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Miller v. Wilkes

United States District Court, S.D. Georgia, Augusta Division

January 11, 2018

TRACY ANTHONY MILLER, Petitioner,
v.
SCOTT WILKES; NATHAN DEAL; and SAM OLENS, Respondents.

          MAGISTRATE JUDGE'S REPORT AND RECOMMENDATION

          BRIAN K. EPPS, UNITED STATES MAGISTRATE JUDGE SOUTHERN DISTRICT OF GEORGIA

         Petitioner, an inmate at Augusta State Medical Prison (“ASMP”) in Grovetown, Georgia, ostensibly brings this action seeking mandamus relief. After prompting from the Clerk of Court, (doc. no. 2), Petitioner paid the filing fee.[1] Notwithstanding the payment of the filing fee, the case or any portion thereof may be dismissed if it is frivolous, malicious, or fails to state a claim upon which relief may be granted, or if it seeks monetary relief from a defendant who is immune to such relief. See Leal v. Georgia Dep't of Corr., 254 F.3d 1276, 1277-78 (11th Cir. 2001) (per curiam); 28 U.S.C. § 1915A.

         I. SCREENING

          A. BACKGROUND

         Petitioner names the following Respondents: (1) Scott Wilkes, former Warden at ASMP; (2) Nathan Deal, Governor of Georgia; and (3) Sam Olens, former Attorney General for the State of Georgia. (See doc. no. 1, pp. 1, 4.) Petitioner spends seventeen of the eighteen substantive pages of his petition for a writ of mandamus detailing alleged errors with his underlying state court murder conviction. His discussion includes various theories of self-defense, (id. at 3-5), alleged racial bias by the trial court judge and jury, (id. at 6-8), and alleged improper jury instructions and evidentiary rulings, (id. at 9-13, 18). Petitioner also alleges he has been denied parole in violation of the American with Disabilities Act (“ADA”) because his physical disability has somehow been improperly considered to support the decision to deny him parole. (Id. at 14-16.) For good measure, Petitioner also details alleged sexual misconduct and alleged retaliation by a prison guard who is not named as a respondent in his mandamus petition. (Id. at 17.)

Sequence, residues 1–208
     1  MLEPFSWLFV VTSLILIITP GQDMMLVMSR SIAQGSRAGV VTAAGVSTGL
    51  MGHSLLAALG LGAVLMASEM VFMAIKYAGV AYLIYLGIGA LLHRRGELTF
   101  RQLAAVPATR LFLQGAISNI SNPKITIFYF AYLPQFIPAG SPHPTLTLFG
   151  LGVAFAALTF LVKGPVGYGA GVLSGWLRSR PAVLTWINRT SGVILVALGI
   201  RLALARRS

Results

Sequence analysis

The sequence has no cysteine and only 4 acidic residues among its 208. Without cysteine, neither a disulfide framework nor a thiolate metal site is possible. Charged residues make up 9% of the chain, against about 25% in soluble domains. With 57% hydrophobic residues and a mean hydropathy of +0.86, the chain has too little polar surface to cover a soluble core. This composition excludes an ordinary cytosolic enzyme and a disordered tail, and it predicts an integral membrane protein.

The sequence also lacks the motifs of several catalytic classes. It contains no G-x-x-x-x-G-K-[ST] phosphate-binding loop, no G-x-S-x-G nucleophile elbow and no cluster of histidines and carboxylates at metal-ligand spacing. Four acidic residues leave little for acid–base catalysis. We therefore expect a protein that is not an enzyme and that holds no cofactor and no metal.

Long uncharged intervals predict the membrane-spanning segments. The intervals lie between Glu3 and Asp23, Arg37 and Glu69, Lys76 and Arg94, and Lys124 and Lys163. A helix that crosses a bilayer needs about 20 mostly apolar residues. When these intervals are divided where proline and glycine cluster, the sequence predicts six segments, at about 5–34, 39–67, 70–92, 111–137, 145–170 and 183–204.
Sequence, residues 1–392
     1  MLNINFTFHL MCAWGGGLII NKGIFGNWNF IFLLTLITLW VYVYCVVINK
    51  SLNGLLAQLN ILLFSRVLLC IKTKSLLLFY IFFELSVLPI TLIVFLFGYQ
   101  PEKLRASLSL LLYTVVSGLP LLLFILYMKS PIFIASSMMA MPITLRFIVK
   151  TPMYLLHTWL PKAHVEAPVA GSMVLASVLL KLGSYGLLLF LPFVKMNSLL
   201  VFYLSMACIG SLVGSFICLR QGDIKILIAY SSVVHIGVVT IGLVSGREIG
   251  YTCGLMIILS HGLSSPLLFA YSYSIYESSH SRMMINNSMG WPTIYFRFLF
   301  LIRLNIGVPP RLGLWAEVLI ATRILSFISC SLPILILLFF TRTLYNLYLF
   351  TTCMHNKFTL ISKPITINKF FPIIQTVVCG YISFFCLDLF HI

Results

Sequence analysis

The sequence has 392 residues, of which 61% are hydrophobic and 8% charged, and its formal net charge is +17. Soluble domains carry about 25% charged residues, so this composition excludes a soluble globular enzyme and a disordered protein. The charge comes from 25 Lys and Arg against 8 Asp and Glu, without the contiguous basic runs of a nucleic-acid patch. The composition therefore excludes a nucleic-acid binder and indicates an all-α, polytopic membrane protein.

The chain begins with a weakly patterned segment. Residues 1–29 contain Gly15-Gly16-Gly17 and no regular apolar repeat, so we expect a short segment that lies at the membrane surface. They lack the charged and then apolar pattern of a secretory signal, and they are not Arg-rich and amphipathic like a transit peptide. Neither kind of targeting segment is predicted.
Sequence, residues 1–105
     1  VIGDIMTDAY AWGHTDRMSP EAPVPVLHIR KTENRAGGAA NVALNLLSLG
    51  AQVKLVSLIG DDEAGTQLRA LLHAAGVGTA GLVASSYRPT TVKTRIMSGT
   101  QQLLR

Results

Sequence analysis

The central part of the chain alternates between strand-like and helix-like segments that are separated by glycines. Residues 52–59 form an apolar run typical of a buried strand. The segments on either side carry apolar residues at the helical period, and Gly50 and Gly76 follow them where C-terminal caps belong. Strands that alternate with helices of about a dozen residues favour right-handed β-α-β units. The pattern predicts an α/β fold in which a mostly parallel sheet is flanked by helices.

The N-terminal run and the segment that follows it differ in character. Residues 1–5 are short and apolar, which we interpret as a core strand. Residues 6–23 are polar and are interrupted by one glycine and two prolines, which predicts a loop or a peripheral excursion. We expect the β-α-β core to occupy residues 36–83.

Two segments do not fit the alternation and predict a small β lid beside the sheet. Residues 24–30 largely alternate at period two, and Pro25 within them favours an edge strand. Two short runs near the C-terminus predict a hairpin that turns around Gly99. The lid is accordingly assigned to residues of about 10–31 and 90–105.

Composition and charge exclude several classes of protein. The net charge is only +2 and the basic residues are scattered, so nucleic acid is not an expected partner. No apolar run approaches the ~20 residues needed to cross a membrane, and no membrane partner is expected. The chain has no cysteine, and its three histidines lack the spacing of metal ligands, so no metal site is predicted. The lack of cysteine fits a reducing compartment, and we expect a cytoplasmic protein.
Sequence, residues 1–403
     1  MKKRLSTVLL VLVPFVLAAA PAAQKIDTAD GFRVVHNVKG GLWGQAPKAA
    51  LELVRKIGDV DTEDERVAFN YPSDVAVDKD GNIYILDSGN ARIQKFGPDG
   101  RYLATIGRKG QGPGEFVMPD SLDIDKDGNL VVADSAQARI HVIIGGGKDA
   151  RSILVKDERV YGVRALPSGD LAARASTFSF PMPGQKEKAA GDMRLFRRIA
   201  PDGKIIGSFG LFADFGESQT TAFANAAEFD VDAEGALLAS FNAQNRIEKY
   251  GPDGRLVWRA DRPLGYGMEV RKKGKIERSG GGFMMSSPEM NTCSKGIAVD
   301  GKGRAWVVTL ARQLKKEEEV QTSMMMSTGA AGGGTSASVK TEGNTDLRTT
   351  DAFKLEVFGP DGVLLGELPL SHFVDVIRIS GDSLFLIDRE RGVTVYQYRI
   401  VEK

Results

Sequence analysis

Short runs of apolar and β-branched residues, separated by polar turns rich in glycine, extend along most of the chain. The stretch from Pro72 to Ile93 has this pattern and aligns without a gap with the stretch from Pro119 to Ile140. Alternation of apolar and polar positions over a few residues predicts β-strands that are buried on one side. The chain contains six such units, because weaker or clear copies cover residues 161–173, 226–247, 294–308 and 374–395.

In a motion to supplement and request to amend his petition, Petitioner invokes Federal Rule of Procedure 60(b) and cites Supreme Court case law from 2017 in support of his continuing challenges to his underlying conviction. (See doc. no. 7.) Petitioner contends racial animus played an improper role in his conviction, he shot his victim in self-defense, and improper jury instructions were given at his trial. (See id.)

         B. DISCUSSION

         1. Legal Standard for Screening

         As set forth above, the case or any portion thereof may be dismissed if it is frivolous, malicious, or fails to state a claim upon which relief may be granted, or if it seeks monetary relief from a defendant who is immune to such relief. See 28 U.S.C. §§ 1915(e)(2)(B) & 1915A.[2] A claim is frivolous if it “lacks an arguable basis either in law or in fact.” Neitzke v. Williams, 490 U.S. 319, 325 (1989). “Failure to state a claim under § 1915(e)(2)(B)(ii) is governed by the same standard as dismissal for failure to state a claim under Fed.R.Civ.P. 12(b)(6).” Wilkerson v. H & S, Inc., 366 F. App'x 49, 51 (11th Cir. 2010) (citing Mitchell v. Farcass, 112 F.3d 1483, 1490 (11th Cir. 1997)).

         To avoid dismissal for failure to state a claim upon which relief can be granted, the allegations in the complaint must “state a claim to relief that is plausible on its face.” Bell Atl. Corp. v. Twombly, 550 U.S. 544, 570 (2007). “A claim has facial plausibility when the plaintiff pleads factual content that allows the court to draw the reasonable inference that the defendant is liable for the misconduct alleged.” Ashcroft v. Iqbal, 556 U.S. 662, 678 (2009). That is, “[f]actual allegations must be enough to raise a right to relief above the speculative level.” Twombly, 550 U.S. at 555. While Rule 8(a) of the Federal Rules of Civil Procedure does not require detailed factual allegations, “it demands more than an unadorned, the-defendant-unlawfully-harmed-me accusation.” Iqbal, 556 U.S. at 678. A complaint is insufficient if it “offers ‘labels and conclusions' or ‘a formulaic recitation of the elements of a cause of action, '” or if it “tenders ‘naked assertions' devoid of ‘further factual enhancement.'” Id. (quoting Twombly, 550 U.S. at 555, 557). In short, the complaint must provide a “‘plain statement' possess[ing] enough heft to ‘sho[w] that the pleader is entitled to relief.'” Twombly, 550 U.S. at 557 (quoting Fed.R.Civ.P. 8(a)(2)).

         Finally, the Court affords a liberal construction to a pro se litigant's pleadings, holding them to a more lenient standard than those drafted by an attorney. Erickson v. Pardus, 551 U.S. 89, 94 (2007); Haines v. Kerner, 404 U.S. 519, 520 (1972). However, this liberal construction does not mean that the Court has a duty to re-write the pleading. Snow v. DirecTV, Inc., 450 F.3d 1314, 1320 (11th Cir. 2006).

         2. Petitioner Fails to State a Valid Claim for Relief.

         (a) Mandamus

         The federal statute regarding writs of mandamus, 28 U.S.C. § 1361, provides such relief against only federal officers, employees, or agencies. Moreover, as Petitioner acknowledges, (doc. no. 1, p. 2), “[m]andamus jurisdiction is appropriate only where (1) the defendant owes a clear nondiscretionary duty to the plaintiff and (2) the plaintiff has exhausted all other avenues of relief.” Lifestar Ambulance Serv., Inc. v. United States, ...


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